Four tendons attach muscles from the shoulder blade and ribs to the upper arm bone (humerus). Because these tendons help to rotate the arm within its socket, this sleeve of tendons is called the rotator cuff.
Tendons in the rotator cuff can be injured easily because they move within a tight space. When the shoulder is turned or lifted at the limit of its natural range of movement, the tendons in this tight space are moved, too. Occasionally, the rotator cuff tendons can bump or rub against a bony knob (the acromion) above them or against a ligament at the front of the shoulder.
This friction is known as impingement syndrome and causes inflammation in the rotator cuff. Rotator cuff friction is most likely to cause inflammation if your shoulder movement is rough or repetitive. Inflammation can cause three problems:
Rotator cuff tendonitis — Inflammation of a single tendon causes pain only during specific movements, when the muscle that pulls against that tendon is being used or when you are reaching upwards.
Shoulder bursitis, also called subacromial bursitis — Bursitis occurs when inflammation spreads into the pocket of fluid that lubricates the rotator cuff tendons. Pain is often worse at night and occurs when you move your shoulder in almost any direction, particularly if you are reaching upwards.
Rotator cuff tear — The tendon may tear after it has been weakened by inflammation.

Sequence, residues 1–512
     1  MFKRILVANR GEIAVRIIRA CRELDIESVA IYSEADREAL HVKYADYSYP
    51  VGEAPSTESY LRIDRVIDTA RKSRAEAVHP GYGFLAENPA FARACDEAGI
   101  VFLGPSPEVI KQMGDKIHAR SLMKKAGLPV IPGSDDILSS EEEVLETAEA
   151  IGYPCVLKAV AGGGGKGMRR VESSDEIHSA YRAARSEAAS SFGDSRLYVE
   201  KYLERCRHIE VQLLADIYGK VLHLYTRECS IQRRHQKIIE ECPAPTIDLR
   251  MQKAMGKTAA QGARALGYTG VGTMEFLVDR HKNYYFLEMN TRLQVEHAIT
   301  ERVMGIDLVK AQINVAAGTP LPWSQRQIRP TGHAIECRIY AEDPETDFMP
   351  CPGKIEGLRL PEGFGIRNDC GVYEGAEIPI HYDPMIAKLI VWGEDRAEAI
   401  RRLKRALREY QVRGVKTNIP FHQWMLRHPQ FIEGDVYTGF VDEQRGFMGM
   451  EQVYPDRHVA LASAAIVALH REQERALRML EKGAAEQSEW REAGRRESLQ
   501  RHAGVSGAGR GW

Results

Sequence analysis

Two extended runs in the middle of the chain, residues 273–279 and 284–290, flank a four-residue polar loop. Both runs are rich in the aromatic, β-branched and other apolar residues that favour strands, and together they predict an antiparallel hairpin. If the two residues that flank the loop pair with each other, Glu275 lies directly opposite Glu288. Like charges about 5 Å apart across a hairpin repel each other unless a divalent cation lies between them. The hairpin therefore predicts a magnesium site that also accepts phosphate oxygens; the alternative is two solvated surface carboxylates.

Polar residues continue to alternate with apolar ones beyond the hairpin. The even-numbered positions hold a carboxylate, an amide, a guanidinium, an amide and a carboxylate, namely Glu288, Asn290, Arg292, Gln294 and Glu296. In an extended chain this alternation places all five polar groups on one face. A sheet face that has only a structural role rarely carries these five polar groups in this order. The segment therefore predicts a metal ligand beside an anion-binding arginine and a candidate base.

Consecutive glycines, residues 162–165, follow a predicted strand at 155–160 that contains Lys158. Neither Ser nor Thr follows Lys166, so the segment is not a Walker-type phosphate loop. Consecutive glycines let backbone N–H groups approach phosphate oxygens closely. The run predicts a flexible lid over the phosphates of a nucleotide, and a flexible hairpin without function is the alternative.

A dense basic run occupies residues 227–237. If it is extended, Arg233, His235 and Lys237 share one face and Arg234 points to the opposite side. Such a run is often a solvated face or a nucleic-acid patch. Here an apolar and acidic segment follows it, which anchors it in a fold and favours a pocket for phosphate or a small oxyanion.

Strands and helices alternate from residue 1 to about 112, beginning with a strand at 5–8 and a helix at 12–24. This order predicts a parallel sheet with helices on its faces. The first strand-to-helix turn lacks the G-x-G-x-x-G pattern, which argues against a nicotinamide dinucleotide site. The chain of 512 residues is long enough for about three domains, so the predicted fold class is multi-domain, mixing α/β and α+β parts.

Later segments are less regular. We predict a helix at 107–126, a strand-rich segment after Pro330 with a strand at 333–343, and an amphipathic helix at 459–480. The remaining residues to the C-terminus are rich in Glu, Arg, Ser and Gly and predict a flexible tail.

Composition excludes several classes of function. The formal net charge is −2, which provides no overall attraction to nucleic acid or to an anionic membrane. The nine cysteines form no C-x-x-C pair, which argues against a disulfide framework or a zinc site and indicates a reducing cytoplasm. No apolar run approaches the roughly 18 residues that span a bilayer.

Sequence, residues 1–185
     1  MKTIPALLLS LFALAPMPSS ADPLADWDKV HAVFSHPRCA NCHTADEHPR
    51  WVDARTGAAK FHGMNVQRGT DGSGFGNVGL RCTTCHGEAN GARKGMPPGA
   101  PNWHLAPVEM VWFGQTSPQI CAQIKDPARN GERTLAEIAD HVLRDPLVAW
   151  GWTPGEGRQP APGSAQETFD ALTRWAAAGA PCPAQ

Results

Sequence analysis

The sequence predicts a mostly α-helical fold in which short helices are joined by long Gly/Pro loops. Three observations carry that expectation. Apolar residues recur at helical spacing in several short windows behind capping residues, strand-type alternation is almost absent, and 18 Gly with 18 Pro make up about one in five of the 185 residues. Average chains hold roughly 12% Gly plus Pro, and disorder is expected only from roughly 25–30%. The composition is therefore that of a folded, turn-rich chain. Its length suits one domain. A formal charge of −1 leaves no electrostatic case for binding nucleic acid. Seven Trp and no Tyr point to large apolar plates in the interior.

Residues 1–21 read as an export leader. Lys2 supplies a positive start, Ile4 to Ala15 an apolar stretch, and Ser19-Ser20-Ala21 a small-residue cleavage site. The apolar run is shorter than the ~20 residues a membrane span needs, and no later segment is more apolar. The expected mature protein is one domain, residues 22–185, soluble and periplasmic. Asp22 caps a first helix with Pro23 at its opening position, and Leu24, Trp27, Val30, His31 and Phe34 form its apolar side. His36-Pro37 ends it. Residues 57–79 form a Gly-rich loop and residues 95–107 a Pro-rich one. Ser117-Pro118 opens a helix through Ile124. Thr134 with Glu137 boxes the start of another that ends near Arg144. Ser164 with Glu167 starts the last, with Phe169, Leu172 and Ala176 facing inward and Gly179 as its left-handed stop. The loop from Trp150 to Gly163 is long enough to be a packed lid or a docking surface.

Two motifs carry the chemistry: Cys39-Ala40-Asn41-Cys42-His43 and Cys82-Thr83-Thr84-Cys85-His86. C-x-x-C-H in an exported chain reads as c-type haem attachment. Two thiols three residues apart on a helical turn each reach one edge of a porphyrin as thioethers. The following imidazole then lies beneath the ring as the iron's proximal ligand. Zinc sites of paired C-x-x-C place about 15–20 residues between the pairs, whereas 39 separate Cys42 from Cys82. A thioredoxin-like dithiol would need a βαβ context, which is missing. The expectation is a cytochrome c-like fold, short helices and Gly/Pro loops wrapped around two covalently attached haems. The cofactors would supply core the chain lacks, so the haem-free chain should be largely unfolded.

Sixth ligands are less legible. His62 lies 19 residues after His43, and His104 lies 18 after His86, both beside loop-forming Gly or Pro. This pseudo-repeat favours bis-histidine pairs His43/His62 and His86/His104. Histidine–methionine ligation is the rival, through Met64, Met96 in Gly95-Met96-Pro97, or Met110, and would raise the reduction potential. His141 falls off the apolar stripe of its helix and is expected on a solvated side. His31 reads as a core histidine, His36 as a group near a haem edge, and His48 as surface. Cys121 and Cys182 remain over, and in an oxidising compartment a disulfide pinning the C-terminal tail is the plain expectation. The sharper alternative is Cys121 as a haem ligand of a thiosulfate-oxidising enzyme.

Several types of shoulder use commonly trigger rotator cuff injury:
Pushing off with your arms — People with arthritis of the knee, other painful conditions in the legs, or weak quadriceps muscles in the thighs often compensate by pushing off with their arms when they rise from a chair. The shoulder is not built for this use. During the push off, the shoulder's socket and humerus function like an upside-down mortar and pestle, crushing and grinding the rotator cuff tendons. Falls onto an outstretched arm, head-on automobile accidents and sports collisions also can crush the tendons.
Repetitive reaching — Overhead arm positions narrow the tight space that the rotator cuff tendons must pass through. Pushups, swimming, house painting, filing, building construction, auto mechanic work and other activities can cause injury of the rotator cuff.
Forceful or abrupt overhead arm movements — Tears are particularly common in athletes in throwing sports, racquet sports and wrestling. Abrupt movements, such as pulling to start a lawn mower, can tear a weakened tendon.
In addition, your shoulder can be injured more easily if it is out of shape. The narrow space that envelops the rotator cuff tendons becomes even narrower if your shoulder muscles are weakened or tight. When this happens, routine shoulder movements are more likely to cause tendon friction.